Ownership over a thing is what establishes one's decision-making authority over the thing. To sell something is to relinquish it as one's property and so to relinquish all of one's decision-making authority over that thing and to transfer decision-making authority over that thing to the person who bought the thing. Anything sold via a perpetual (meaning non-exhausting, eternal, lasting-forever) license is a product that becomes the sole possession of whoever purchases it, and upon its purchase all property rights including decision-making authority transfer from the seller to the purchaser. And then the seller no longer has any rightful say over anything regarding that non-reproduceable instance of software represented by its perpetual license.
The European Union's highest court, the Court of Justice, has ruled that software, whether sold via a license and whether physically or digitally-distributed, represents a good rather than a service, and that any purchaser of a perpetually-licensed software becomes the exclusive owner over that instance of the software, just as when they purchase any physical good.
In a 2016 Australian case regarding Valve's refund policy for Steam, Australia's High Court carefully examined whether computer games sold through Steam are goods (and therefore property and consumer rights apply to them) or services (and therefore no property rights or services apply to them), and concluded that they are fully goods, and that Valve doesn't merely sell a license to use the software, but in-fact sells the software itself, and that whoever buys a game from Steam becomes owner of the software that they purchased. Australia's High Court concluded: "Each of Valve’s challenges to the applicability of the Australian Consumer Law fails. The conflict of laws provisions in the Australian Consumer Law did not essentially carve out an exception for conduct by foreign corporations like Valve governed by a different contractual proper law. Valve supplied goods (which are defined as including computer software)."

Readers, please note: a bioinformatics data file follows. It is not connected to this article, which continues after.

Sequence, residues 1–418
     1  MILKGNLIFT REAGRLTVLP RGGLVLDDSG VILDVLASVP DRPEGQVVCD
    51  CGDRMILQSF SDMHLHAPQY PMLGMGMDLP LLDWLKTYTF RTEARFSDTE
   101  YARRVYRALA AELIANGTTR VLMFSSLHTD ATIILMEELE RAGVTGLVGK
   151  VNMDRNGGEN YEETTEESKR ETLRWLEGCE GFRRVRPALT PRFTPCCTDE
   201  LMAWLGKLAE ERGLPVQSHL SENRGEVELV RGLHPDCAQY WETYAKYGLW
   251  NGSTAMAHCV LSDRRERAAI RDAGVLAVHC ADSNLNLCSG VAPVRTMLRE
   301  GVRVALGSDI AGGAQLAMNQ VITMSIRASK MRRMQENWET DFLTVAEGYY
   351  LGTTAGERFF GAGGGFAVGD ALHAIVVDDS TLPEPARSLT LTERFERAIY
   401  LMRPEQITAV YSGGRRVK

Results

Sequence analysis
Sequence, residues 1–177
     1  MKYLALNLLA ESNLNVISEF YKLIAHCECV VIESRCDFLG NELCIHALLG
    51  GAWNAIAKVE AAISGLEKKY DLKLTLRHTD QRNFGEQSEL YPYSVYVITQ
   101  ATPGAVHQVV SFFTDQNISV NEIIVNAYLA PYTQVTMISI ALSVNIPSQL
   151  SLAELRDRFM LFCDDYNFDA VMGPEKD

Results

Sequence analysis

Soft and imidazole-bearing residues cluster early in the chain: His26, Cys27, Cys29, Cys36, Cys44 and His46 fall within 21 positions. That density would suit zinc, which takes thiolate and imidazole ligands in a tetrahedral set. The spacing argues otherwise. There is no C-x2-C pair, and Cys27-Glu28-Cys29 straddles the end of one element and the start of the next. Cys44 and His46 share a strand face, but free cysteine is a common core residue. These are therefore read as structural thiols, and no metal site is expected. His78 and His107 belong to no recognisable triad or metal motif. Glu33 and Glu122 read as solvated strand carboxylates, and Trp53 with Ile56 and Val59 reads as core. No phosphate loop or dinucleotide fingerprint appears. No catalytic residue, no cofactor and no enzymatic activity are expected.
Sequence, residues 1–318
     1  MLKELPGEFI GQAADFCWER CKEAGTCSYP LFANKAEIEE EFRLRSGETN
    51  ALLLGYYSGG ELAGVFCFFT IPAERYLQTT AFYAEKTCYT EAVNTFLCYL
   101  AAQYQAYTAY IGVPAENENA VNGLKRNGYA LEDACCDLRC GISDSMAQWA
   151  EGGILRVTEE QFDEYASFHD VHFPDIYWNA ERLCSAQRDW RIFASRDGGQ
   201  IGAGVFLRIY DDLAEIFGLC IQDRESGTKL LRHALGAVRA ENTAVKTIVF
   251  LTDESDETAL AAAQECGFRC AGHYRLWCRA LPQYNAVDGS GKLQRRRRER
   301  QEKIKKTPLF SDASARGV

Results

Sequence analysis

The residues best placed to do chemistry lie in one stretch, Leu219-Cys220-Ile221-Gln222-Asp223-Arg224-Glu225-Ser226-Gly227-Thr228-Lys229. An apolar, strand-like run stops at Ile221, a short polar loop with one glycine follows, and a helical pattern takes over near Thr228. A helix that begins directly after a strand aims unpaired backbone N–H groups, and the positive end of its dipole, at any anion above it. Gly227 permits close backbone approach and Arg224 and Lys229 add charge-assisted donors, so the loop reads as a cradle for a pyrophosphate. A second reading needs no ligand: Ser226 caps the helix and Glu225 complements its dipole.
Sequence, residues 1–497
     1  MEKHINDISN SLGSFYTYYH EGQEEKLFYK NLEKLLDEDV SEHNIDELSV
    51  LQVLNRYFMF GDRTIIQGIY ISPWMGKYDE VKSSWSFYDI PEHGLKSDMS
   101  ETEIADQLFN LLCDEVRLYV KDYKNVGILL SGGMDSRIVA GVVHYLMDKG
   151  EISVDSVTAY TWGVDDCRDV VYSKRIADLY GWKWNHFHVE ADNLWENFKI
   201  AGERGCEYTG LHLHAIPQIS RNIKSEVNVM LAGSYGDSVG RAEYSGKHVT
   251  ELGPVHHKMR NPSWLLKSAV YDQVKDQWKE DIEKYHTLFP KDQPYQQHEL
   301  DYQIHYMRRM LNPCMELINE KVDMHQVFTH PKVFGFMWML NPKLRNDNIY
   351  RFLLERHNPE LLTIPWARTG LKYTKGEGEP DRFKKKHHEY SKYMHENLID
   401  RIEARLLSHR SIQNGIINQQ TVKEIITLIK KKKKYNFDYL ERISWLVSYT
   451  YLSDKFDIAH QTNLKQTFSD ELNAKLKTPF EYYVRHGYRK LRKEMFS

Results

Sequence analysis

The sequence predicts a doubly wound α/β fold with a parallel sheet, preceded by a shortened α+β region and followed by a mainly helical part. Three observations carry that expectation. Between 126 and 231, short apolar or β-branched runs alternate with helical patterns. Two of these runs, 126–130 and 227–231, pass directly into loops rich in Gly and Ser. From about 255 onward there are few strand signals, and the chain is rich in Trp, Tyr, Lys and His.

In Canada, software distributed by all means is legally defined as a good and not a service. The government of Canada's Goods and Services Manual declares as Class 9 goods "all computer programs and software regardless of recording media or means of dissemination, that is, software recorded on magnetic media or downloaded from a remote computer network". As a good, software is therefore a private property that is sold and purchased, and which is owned by its purchasers.
In the USA, there have been some inconsistent lower court rulings on software licenses. But they have not all been in agreement with each other and lower court rulings and don't apply to all of the USA but only to the specific districts that the rulings were made in. A specific matter of software ownership has never gone to the USA's Supreme Court and it's likely that software publishers would prefer that it doesn't, because in all likeliness the verdict will be the same as it was in the EU and in Australia. Because this matter has never gone to the USA's Supreme Court and because regional court verdicts have conflicted with each other in their conclusions, it is baseless for anyone to claim that people in the USA don't own their purchased software.